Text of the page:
With a population of 14.1 million people, Istanbul is the third largest city in the world by population after Tokyo and New York. It is the largest city in Turkey and also its political, economic and social capital. It is a transcontinental city that straddles two of the most important waterways separating Europe and Asia - Sea of Marmara and the Black Sea. Its commercial and historical center lies in Europe, while a third of its population lives in Asia. Below is a brief history of how the city came to be.

A brief history of Istanbul
A brief history of Istanbul

With a population of 14.1 million people, Istanbul is the third largest city in the world by population after Tokyo and New York. It is the largest city in Turkey and also its political, economic and social capital. It is a transcontinental city that straddles two of the most important waterways separating Europe and Asia - Sea of Marmara and the Black Sea. Its commercial and historical center lies in Europe, while a third of its population lives in Asia. Below is a brief history of how the city came to be.

1. 660 BC - The city was formerly known as Byzantium, a name given to it by the Megarean colonists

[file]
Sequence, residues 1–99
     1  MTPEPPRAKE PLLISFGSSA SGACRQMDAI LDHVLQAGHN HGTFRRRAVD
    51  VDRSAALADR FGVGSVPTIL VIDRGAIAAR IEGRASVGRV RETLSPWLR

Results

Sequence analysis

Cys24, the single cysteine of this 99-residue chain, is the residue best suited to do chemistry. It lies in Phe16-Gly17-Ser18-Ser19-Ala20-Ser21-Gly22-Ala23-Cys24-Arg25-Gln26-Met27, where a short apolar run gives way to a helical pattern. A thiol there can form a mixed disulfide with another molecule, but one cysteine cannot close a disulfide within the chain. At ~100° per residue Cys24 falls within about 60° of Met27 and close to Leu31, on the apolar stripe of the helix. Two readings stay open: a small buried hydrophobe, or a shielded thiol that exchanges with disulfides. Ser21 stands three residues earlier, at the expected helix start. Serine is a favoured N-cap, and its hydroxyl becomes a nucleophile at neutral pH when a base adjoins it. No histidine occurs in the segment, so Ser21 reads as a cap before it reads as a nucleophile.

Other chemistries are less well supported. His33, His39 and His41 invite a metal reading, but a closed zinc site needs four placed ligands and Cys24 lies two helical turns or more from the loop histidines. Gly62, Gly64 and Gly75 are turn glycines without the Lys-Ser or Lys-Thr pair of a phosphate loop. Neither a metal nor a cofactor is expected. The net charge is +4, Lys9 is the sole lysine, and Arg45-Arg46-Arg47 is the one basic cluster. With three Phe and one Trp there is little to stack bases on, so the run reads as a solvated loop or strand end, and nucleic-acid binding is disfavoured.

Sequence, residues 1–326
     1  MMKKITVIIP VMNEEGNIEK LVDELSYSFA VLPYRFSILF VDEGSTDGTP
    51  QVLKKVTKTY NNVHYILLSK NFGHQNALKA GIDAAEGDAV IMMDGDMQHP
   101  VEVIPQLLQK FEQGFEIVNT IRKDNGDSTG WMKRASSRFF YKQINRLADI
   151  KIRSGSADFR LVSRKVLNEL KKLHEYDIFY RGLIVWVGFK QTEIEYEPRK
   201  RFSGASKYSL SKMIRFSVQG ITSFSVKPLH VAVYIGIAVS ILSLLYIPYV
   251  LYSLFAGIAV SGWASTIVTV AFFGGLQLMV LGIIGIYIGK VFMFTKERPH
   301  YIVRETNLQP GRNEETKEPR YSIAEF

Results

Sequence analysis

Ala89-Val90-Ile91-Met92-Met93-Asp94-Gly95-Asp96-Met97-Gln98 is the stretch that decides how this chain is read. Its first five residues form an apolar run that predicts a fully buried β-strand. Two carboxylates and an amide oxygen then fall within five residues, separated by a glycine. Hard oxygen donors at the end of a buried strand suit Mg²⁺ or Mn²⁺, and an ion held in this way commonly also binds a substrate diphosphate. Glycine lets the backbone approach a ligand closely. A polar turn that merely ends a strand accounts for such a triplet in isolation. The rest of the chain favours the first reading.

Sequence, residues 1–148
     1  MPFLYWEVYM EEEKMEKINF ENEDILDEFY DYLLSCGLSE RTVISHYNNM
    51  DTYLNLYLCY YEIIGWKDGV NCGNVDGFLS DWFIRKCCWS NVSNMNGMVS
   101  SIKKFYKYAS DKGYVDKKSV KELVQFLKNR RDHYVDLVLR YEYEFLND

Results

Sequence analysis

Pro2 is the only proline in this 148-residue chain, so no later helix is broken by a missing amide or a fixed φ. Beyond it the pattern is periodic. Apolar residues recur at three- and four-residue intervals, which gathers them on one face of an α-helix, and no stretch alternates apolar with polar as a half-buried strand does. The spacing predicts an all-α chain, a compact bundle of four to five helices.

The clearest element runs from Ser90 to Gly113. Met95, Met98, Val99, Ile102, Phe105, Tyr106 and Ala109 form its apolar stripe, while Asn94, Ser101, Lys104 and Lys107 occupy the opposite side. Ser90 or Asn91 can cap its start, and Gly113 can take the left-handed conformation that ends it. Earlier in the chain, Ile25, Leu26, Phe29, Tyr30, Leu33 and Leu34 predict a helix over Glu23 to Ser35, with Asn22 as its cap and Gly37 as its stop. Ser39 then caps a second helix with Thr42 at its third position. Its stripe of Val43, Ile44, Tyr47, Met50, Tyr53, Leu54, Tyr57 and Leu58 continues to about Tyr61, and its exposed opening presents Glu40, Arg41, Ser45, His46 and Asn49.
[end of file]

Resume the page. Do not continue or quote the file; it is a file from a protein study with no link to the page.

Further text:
2. 330 AD - Constantine the Great made the city the new capital of the Eastern Roman Empire and named it Constantinople.

3. Mid-15th century - After the collapse of the Roman Empire, the city was taken over by the Ottoman Turks who did not change the name. On 29 May 1453, after a 6 months siege of the city, the last Roman emperor, Constantine XI, was killed and Sultan Mehmed II "the Conqueror" captured Constantinople and declared it the new capital of the Ottoman Empire. He would later convert the cathedral of Constantinople to a mosque and declare the city the symbol of Islam.

4. Mid 14th to 18th Century - The Ottoman Turks ruled over the city in a relatively peaceful period of 400 years and it’s not until the 19th century when the progressive Sultan Mahmud II allowed access of the city by merchant from Europe who built rail links, stable water network, electricity, telephones, and trams. However, the Islamic faith remained strong in the city of Istanbul

5. Early 20th century - The Young Turks Revolution deposed the Sultan Abdul Hamid II and the Empire further weakened such that by WWI, the city was occupied by the British, French and Italians. The last Ottoman Emperor, Mehmed VI was exiled in 1922 and through the Treaty of Lausanne; a new Republic of Turkey was born.

6. 1940's - 1960's - Istanbul saw a lot of population influx as the people from Anatolia sought employment from the city.

Today, Istanbul is one of the most important bridge between Western Europe and Islamic Middle East. It is a city between two major civilizations and thus a must visit for those who would love to sample both Western Europe and Middle East.

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